SoundExchange, a non-profit royalty collection agency subject to federal disclosure laws, has refused to disclose critical financial information from 2018 to Digital Music News.
In 2017, SoundExchange CEO Michael Huppe collected compensation of nearly $1.4 million, a 27% year-over-year increase of roughly $300,000. That ‘non-profit’ payout drew serious criticism, though a ‘black box’ unmatched holding balance of nearly $300 million also raised eyebrows.
So what are the figures for 2018?
Unfortunately, we’ve been stonewalled by numerous SoundExchange executives on that question.
Despite repeated attempts dating back to January of this year, SoundExchange has refused to disclose critical financial information from 2018. That includes important information related to top executive salaries, as well as unmatched ‘black box’ royalty holding balances now believed to be in excess of $300 million.
As previously reported, SoundExchange’s unpaid holding balance sat at a massive $527 million by the end of 2017. Of that, $294 million remained unpaid due to insufficient data, missing paperwork, and other matching problems.
The classic ‘black box’ pile is part of a multi-billion dollar issue plaguing the music industry worldwide. In fact, the black box issue is widely believed to be fueling a highly-profitable shadow economy — at the expense of unpaid artists and rights owners.
SoundExchange’s ‘pile’ only covers US-based non-interactive streaming royalties, not other licenses like mechanicals, performances, or other license funds that aren’t properly matched and paid to artists. But SoundExchange is widely expected to assume responsibilities for streaming mechanical collections for the Music Modernization Act’s Mechanical Licensing Collective, or MLC, despite the agency’s recurring payout problems.
Attempts to receive information for 2018 were repeatedly ignored or rebuffed by SoundExchange CEO Michael Huppe, Chief Communications Officer Helaine Klasky, and John Vlautin of outsourced PR firm Spinlab Communications.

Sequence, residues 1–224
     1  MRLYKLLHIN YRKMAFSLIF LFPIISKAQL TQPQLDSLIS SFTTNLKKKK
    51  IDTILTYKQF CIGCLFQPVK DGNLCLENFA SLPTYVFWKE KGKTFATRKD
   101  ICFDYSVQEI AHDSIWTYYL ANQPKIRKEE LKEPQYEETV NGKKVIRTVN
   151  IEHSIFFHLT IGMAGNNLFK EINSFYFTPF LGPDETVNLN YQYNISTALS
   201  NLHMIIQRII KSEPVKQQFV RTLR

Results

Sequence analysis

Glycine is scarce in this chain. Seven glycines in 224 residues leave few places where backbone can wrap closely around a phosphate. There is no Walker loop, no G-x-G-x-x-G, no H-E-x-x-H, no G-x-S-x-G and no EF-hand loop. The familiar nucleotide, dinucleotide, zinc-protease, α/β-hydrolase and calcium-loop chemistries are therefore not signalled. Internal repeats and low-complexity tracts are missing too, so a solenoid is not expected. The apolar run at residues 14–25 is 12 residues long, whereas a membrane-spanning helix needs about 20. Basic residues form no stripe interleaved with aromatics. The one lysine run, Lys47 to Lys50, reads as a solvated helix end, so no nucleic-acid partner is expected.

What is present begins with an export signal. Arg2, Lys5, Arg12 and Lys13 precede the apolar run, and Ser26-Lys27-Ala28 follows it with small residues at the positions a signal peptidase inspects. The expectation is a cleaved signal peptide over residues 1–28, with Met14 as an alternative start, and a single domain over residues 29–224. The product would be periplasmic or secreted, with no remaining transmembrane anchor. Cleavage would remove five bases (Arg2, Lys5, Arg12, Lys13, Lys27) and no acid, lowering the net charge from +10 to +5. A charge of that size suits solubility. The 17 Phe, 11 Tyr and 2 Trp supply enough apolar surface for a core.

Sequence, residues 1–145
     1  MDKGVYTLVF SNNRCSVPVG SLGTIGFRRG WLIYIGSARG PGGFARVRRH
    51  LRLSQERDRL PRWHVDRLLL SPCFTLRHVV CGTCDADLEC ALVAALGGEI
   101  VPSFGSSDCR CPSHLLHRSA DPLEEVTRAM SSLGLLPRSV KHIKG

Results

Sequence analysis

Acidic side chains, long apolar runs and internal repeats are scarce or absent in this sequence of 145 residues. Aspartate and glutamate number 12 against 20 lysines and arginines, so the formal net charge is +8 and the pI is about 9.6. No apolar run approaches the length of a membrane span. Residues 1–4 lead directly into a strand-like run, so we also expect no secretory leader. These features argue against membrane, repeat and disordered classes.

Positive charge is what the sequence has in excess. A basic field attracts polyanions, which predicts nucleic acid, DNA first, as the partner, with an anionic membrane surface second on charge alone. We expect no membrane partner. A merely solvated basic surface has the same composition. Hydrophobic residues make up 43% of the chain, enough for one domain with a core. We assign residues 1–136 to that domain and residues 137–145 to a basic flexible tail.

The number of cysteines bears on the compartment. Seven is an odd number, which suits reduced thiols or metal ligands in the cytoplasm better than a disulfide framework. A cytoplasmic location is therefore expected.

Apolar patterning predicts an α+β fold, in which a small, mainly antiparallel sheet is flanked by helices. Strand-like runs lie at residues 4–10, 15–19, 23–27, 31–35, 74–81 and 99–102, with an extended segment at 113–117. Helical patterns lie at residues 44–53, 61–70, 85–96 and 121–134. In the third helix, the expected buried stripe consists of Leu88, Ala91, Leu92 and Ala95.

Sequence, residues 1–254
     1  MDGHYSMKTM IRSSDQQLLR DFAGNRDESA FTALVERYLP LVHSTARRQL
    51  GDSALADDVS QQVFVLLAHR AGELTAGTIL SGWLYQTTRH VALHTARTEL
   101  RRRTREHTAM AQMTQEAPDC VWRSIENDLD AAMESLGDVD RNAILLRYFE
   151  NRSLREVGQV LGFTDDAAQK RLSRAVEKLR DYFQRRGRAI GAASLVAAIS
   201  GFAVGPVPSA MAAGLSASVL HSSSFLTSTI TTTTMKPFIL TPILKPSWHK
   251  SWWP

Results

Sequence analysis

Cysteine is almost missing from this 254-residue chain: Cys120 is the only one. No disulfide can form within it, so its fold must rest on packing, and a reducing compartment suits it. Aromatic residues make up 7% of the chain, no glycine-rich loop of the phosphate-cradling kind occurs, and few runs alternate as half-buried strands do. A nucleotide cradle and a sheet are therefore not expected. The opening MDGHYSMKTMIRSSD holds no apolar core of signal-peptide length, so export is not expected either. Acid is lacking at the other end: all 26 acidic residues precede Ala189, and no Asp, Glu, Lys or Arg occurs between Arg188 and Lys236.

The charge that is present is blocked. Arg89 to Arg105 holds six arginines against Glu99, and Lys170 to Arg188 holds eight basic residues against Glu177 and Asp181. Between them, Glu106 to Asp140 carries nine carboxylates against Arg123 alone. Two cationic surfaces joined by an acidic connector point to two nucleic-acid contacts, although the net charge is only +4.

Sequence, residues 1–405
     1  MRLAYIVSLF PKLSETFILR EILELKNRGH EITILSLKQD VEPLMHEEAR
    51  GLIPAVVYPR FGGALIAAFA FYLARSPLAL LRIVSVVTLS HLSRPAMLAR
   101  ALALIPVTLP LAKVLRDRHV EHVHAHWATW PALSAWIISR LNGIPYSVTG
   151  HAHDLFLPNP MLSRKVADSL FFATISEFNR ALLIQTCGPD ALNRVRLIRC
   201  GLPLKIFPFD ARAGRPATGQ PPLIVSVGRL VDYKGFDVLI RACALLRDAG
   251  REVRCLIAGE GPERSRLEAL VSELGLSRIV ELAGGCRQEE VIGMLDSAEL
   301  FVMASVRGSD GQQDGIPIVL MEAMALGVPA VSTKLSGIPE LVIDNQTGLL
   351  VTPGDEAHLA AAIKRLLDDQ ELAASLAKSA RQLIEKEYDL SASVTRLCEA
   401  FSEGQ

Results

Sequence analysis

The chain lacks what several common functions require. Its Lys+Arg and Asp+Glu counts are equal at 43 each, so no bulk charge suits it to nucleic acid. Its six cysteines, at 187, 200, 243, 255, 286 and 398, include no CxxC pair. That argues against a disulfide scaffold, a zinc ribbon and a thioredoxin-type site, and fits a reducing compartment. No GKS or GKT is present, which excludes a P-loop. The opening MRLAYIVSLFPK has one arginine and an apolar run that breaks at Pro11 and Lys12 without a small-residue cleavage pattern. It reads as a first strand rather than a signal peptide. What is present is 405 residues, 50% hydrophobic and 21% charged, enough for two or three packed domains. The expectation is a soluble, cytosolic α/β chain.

In total, more than one dozen attempts were made across email and LinkedIn.
Both Huppe and Klasky ignored repeated requests, while Vlautin said he was ‘flummoxed by the aggressive tone’ used by DMN in attempting to receive the information. Vlautin never supplied anything substantive despite claiming conversations with numerous SoundExchange employees.
Klasky eventually responded by offering SoundExchange’s 2017 IRS Form 990, which we’d previously obtained from the IRS and earlier sources.
SoundExchange did, however, publish a selective disclosure of 2018 data.
That includes a year-2018 payout of $952.8 million in non-interactive radio royalties to artists and labels, a 46.1 percent increase over year-2017 payouts. In 2017, SoundExchange’s payouts suffered a dramatic drop, thanks to a substantial pullout from streaming radio giant Pandora.
It was in that year that Huppe received a massive raise.
Earlier, Pandora shifted out of SoundExchange in favor of direct licensing deals with various record labels. The move was partly a response to heavy SoundExchange administration fees and matching issues, according to a Pandora investor speaking to Digital Music News.
Statutory licensing inflexibility was another cited reason, with direct deals allowing Pandora to offer music with fewer usage restrictions.
In fiscal (and calendar) year 2017, several SoundExchange executives received salaries exceeding $500,000.
That includes Chief Operating Officer Jonathan Bender ($545,205), Chief External Affairs Officer Richard Conlon ($544,798), Senior VP and General Counsel Charles Rushing ($512,254), and Chief Technology Officer Scott Day ($502,754).
At least four other executives received salaries in the $300,000 and $400,000 range, including Chief Financial Officer Anjula Singh ($475,704), SVP Strategic Initiatives Mark Eisenberg ($467,899), VP Global Public Policy Julia Massimino ($345,596), and VP Industry Relations Barry Levine ($329,589).
In total, the top 10 executives alone at SoundExchange received more than $5.4 million, with all receiving substantial non-taxable sums.
Huppe received $1,397,404, per the IRS disclosures.
Helaine Klasky, who was recently named to the top PR post, reportedly receives compensation north of $350,000, though this number has not been verified by DMN. It’s still unclear what SoundExchange pays outside PR firms like Spinlab.
SoundExchange itself enjoys sweeping tax-exemption privileges. But according to the Internal Revenue Service, non-profit entities like SoundExchange are required by federal law to file their 2018 financials by May 15th, though SoundExchange may seek extensions to that date.